One of Bombardier's most significant assets was former World MX Champion Jeff Smith. Jeff truly cared about making good motorcycles and pushed Bombardier hard in that direction. Although CanAm had made a grand entrance into the motocross and enduro scene, they became somewhat complacent with regard to improvements in design that might interrupt the momentum of mass production. The late 70's and early 80's were not a time to resist change if you were a manufacturer of high performance off-road motorcycles. But despite Smith's protests Bombardier refused to follow suit with the competition. Jeff recently told me he felt that CanAm was usually 12 months behind in technology. Personally, I would call that remark "optimistic". But nonetheless, the faithful following of diehard CanAm fans continued to buy and race them. CanAm lovers were a faithful lot, and resisted the intimidation of single shock wonders with disc brakes and water cooled engines.
By 1982 Bombardier was starting to understand what Smith was talking about. They began to suffer the consequences of their resistence to technological advancement. Bombardier executives concluded that the solution was simply to stop making motorcycles. But Smith argued against their decision and proposed "farming out" CanAm production to another company. Although they were hesitant, Bombardier executives realized that they might put themselves at risk of being sued by the dealers if they suddenly pulled the rug out, and they allowed Jeff to explore his idea.
Smith approached a number of manufactures (including Husqvarna) seeking a company that was willing to work with him. Most weren't. But he was persistent and eventually contacted Armstrong/CCM in the U.K.. Smith liked their enthusiasm and eagerness to make motorcycles the way he thought they should be made. Jeff negotiated a deal with CCM, and Bombardier licensed Armstrong to make motorcycles bearing the CanAm logo. Production of the CanAm was reinstated in 1983 with the introduction of the completely redesigned 1984 ASE series. Armstrong kept up their end of the bargin and built high quality motorcycles for Bombardier. In addition, CCM added Trials and production Road Racing machines to the line-up. But even though the Armstrong/CCM/CanAm's were GREAT motorcycles, they too appeared to remain slightly behind in technology.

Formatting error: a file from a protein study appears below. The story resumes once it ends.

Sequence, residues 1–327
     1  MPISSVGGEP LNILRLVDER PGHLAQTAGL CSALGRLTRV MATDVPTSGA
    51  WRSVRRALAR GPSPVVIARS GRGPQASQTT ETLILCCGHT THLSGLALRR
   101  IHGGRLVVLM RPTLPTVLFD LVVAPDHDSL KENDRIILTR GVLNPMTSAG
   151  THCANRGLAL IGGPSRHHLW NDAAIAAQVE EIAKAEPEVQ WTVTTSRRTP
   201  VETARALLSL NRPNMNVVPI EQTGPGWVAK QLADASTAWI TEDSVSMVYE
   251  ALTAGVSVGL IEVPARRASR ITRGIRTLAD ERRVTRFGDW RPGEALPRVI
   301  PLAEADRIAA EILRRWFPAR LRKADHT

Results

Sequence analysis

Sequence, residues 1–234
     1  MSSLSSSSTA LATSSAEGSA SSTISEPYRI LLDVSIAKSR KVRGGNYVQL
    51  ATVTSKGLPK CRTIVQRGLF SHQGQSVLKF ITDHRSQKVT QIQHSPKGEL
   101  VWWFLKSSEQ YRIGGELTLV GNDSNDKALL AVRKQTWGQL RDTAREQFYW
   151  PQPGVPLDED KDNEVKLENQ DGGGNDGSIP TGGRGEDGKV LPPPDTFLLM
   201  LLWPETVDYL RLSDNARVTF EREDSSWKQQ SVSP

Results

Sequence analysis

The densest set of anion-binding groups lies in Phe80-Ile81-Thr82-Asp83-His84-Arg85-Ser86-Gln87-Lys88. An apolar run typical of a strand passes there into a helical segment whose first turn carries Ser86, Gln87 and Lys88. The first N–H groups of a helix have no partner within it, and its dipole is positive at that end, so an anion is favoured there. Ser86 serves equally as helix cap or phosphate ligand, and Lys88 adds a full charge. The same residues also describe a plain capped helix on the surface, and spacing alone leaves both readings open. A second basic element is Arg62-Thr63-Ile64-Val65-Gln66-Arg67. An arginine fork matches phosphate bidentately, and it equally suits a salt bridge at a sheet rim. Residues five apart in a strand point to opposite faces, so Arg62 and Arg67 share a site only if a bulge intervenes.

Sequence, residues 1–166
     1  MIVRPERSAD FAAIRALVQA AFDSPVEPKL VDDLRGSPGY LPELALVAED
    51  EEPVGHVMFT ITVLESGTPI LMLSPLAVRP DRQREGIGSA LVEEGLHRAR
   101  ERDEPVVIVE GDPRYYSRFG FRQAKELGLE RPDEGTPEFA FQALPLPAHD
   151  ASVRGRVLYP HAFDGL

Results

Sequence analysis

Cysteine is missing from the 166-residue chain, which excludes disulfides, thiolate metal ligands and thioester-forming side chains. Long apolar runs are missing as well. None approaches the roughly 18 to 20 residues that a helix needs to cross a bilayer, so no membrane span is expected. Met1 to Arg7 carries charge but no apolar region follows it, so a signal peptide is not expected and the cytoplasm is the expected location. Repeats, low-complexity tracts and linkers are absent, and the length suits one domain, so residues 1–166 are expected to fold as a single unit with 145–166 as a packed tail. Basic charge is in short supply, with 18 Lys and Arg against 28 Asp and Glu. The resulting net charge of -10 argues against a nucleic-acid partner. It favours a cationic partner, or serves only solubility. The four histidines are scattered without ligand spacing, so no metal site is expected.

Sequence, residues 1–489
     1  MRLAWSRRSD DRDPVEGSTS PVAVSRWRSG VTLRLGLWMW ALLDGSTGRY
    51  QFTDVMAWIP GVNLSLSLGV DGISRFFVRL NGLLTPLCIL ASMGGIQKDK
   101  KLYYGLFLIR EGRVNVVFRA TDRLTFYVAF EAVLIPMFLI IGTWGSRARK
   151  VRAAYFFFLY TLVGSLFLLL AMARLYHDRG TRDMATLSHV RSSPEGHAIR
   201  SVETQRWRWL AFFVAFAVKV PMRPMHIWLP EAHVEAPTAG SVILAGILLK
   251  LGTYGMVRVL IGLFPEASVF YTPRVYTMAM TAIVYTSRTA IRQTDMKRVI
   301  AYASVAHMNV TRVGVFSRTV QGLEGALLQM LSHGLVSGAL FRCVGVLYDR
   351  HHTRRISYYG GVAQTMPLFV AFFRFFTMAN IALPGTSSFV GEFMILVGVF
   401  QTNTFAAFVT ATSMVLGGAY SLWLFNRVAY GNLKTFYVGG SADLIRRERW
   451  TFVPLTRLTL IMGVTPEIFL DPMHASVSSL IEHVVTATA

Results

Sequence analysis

Despite the efforts of Jeff Smith and Armstrong/CCM, production of CanAm motorcycles only survived another 4 years. I've read the little that's been printed about CanAm's demise, and even talked to Jeff Smith himself. After putting the pieces together, my own assessment of the situation is that the pendulum swung too far in the other direction. Bombardier had the capacity to mass produce large numbers of motorcycles, but because of the company's immense size, and the established stability of their other product lines, they couldn't justify the cost of annual redesigning and retooling for a product that was simply a "drop in the bucket." Armstrong on the other hand, had the capacity to devote the necessary attention to design and quality, but only in numbers too small to be competitive with the Japanese. The 1987 ASE's were the last CanAm's produced. However, CCM continues to manufacture motorcycles with Rotax engines bearing the Armstrong/CCM label.
350 ridden by the Welch ISDE team in Germany 1989.
(Ed Tobin photo)